A small group of four people wrote the code that kicked off what is now a massive business. Hear the story from CTO Eliot Horowitz.
The tradition of a "Hello, World" program goes back at least to 1978. But for modern coders, what's an appropriate "Hello, World"?
A Nigerian financial analyst with a habit of getting lost connects remotely with a Siberian app developer. Together, they would go on to build a mapping app worth $1 billion, all without ever meeting face to face.
I recently came across this sketchnote by Tanmay Vora, and it really resonated with me. As a developer it got me thinking about how this might translate into the life of a developer and our happiness. Based on this sketchnote here are the eight factors of happiness applied to developer life. 1. Resentment Harboring resentment…
This week we chat with Anil Dash, CEO of Glitch and board member here at Stack Overflow. He breaks down the tech behind Glitch apps, explains why the company is launching an online magazine called Glimmer, and talks about the fight to keep the web weird, fun, and open to all. Glitch, a platform that…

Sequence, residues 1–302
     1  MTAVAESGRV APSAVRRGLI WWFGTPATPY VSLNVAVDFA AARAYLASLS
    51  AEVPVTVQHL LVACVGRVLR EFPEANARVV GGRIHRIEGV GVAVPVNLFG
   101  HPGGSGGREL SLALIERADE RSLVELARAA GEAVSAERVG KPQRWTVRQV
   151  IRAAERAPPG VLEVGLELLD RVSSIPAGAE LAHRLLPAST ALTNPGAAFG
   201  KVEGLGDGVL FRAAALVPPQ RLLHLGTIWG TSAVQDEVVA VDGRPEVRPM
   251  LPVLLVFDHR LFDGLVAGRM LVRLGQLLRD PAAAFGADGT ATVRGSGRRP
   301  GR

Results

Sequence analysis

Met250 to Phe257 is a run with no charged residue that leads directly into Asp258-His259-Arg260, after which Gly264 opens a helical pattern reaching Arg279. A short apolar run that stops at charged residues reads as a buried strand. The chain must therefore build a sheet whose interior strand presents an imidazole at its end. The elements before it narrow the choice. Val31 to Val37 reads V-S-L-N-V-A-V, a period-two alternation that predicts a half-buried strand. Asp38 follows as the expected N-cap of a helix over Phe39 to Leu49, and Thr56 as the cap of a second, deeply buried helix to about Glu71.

I had to onboard myself. Here are some of the things I learned on the path to being a fully contributing developer and a valuable member of the development team.
February 2020 Welcome to ISSUE #11 of The Overflow, a newsletter by developers, for developers, written and curated by the Stack Overflow team and Cassidy Williams of React Training. You can read more about it here. In this week’s newsletter, we’re efficiently lazy, calculating probabilities in chocolates, and thinking about how to maintain open source.…
It's now been more than 50 years since the first IFIP Conference on Software Engineering, and in that time there have been many different software engineering methodologies, processes, and models proposed to help software developers achieve that predictable and cost-effective process. But 50 years later, we still seem to see the same kinds of problems we always have: late delivery, unsatisfactory results, and complete project failures.
Interview processes run the gamut from a few conversations, to hours of writing code on a whiteboard, to evaluative social events with the team. It can all seem very mysterious and nerve-wracking from the outside. But here’s the big secret: No matter what kind of process you step into, the hiring team, really, is only trying to figure out three things.